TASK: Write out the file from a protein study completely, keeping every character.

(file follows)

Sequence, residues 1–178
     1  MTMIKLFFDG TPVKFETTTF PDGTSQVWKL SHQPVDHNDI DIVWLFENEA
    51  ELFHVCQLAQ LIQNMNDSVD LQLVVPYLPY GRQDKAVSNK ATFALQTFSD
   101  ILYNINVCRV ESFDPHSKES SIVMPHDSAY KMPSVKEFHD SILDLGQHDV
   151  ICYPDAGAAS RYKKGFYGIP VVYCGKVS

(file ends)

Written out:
Sequence, residues 1–178
     1  MTMIKLFFDG TPVKFETTTF PDGTSQVWKL SHQPVDHNDI DIVWLFENEA
    51  ELFHVCQLAQ LIQNMNDSVD LQLVVPYLPY GRQDKAVSNK ATFALQTFSD
   101  ILYNINVCRV ESFDPHSKES SIVMPHDSAY KMPSVKEFHD SILDLGQHDV
   151  ICYPDAGAAS RYKKGFYGIP VVYCGKVS